sk sk

Euro in Slovakia

The euro was introduced on 1 January 1999. It became the currency of more than 300 million people across Europe. For the first three years the euro was an “invisible” currency, used only for accounting purposes, e.g. in electronic payments. Euro cash was introduced only on 1 January 2002, when it replaced banknotes and coins of individual national currencies – e.g. the Belgian franc or Deutschmark. The name “euro” was chosen by the heads of Member States of the European Union (or their heads of government) at the Summit of the European Council held in Madrid in December 1995. The depiction of the euro sign was inspired by the Greek letter epsilon as a reference to the cradle of European civilisation and also the first letter of the word “Europe”.

The euro as legal tender was approved by the European Union also in countries which were in monetary union with members of the euro area. This includes San Marino, Monaco and Vatican City. On the basis of agreement with the European Community, these three countries mint their coins with their own national sides. The euro is also used, however, by other European countries without formal agreement: Kosovo, Montenegro and Andorra.

  • Euro Changeover

    The Slovak Republic adopted the euro on 1 January 2009 after the EU Council accepted on 8 July 2008 the country´s entry into the eurozone.

    Frontloading of Slovakia with euro cash

    To ensure the necessary amount of cash in the new currency, 188 million euro banknotes and 500 million euro coins were delivered to Slovakia. If all these notes were laid down next to one another, they would cover an area nine times bigger than Štrbské pleso lake. If they were laid in a row, it would stretch 25 000 kilometres, which is 50-times the distance between Bratislava and the European Central Bank in Frankfurt. When it comes to coins, if they were placed on top of one another, they would reach six times higher than the highest mountain in Slovakia, the Gerlach Peak, measuring 2 655 m. And if these coins were to be divided equally among Slovak inhabitants, each person would get 96 coins. The volume mentioned was needed to cover the initial demand and supplies for Národná banka Slovenska.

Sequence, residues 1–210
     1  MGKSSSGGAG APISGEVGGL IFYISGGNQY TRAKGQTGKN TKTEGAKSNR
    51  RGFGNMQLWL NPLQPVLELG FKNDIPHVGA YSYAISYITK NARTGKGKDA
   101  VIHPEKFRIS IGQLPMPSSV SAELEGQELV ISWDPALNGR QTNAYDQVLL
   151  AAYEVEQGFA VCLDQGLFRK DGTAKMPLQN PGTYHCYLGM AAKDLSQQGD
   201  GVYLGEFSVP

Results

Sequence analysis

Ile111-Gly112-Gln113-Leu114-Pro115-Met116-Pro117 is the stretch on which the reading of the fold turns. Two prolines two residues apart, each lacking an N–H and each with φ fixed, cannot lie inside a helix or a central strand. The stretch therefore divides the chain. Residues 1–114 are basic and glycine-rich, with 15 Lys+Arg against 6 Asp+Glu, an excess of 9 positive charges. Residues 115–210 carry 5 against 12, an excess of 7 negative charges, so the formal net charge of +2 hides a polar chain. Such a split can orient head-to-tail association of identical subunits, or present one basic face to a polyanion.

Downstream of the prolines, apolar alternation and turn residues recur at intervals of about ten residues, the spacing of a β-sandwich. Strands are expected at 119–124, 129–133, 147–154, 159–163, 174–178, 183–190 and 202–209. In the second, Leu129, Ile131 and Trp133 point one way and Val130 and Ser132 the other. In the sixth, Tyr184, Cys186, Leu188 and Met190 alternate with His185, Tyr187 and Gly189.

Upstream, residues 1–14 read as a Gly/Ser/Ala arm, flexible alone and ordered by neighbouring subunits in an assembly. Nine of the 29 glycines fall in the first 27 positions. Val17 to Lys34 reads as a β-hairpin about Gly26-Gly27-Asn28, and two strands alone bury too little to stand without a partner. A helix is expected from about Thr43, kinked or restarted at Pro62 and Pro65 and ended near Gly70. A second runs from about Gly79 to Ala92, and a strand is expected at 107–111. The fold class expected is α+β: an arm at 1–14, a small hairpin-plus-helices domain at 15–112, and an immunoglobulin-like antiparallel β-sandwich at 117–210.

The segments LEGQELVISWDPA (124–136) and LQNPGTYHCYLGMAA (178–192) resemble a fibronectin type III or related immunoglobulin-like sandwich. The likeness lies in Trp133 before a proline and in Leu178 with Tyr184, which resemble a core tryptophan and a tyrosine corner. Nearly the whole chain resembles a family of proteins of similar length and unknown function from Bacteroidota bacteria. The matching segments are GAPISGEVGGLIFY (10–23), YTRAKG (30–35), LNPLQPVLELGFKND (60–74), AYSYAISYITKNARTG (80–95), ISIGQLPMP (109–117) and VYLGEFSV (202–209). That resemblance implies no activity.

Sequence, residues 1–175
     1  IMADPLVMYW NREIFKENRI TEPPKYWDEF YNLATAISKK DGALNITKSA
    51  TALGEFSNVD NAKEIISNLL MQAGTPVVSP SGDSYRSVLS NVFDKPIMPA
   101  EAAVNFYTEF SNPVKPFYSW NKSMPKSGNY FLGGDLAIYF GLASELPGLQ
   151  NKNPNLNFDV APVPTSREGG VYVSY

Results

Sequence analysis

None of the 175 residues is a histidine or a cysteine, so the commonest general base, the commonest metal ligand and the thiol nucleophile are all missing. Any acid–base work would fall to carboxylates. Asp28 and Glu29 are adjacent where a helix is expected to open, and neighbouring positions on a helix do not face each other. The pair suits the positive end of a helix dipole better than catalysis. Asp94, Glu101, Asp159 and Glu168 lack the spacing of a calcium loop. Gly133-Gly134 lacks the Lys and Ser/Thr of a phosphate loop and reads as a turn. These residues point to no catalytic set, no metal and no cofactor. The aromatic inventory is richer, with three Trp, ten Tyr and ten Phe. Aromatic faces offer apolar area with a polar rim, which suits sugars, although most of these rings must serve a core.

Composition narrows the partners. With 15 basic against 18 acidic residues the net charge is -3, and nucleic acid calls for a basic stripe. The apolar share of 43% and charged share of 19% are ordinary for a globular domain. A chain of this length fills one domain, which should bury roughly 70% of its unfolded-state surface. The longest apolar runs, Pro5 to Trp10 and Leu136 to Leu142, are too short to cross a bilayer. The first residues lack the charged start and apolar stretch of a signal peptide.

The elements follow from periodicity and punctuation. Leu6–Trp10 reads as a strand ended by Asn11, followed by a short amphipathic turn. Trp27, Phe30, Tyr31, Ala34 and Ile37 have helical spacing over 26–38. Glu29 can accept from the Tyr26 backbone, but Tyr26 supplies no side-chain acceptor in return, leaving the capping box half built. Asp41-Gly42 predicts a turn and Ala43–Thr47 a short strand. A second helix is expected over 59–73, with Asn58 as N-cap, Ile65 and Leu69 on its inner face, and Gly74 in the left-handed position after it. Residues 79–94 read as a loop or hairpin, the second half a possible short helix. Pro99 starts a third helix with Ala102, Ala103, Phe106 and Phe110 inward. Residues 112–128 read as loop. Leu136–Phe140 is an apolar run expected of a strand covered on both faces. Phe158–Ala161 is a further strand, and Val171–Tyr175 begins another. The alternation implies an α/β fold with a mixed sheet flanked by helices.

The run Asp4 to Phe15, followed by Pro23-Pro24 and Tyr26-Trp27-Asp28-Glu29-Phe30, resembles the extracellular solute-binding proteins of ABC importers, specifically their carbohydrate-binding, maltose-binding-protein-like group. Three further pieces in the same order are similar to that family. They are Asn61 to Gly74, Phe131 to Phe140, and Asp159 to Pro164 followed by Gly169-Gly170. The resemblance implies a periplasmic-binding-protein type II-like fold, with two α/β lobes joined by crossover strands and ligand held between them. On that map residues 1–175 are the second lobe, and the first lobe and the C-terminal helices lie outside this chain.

Euro information campaign

    In preparation for the introduction of the euro, the European Central Bank, jointly with Národná banka Slovenska, organised a 300-day information campaign, which was implemented by means of direct euro packages to all households, 118 various publications, television, radio and press, as well as through the various games and competitions. There were a number of special events, such as the Conference on the Introduction of the Euro in Slovakia, which was attended by Jean-Claude Trichet, the President of the European Central Bank, and Joaquín Almunia, the European Commissioner for Economic and Monetary Affairs. For providing up-to-date information on the euro, a twinning programme was launched, involving the ECB, Národná banka Slovenska and selected organisations from both the public and private sectors in the country. Thank to this, banks, shops and companies were well prepared for the transfer of valuables, as too were manufacturers of money acceptance and dispensing equipment, all of which significantly contributed to the smooth introduction of the new banknotes and coins.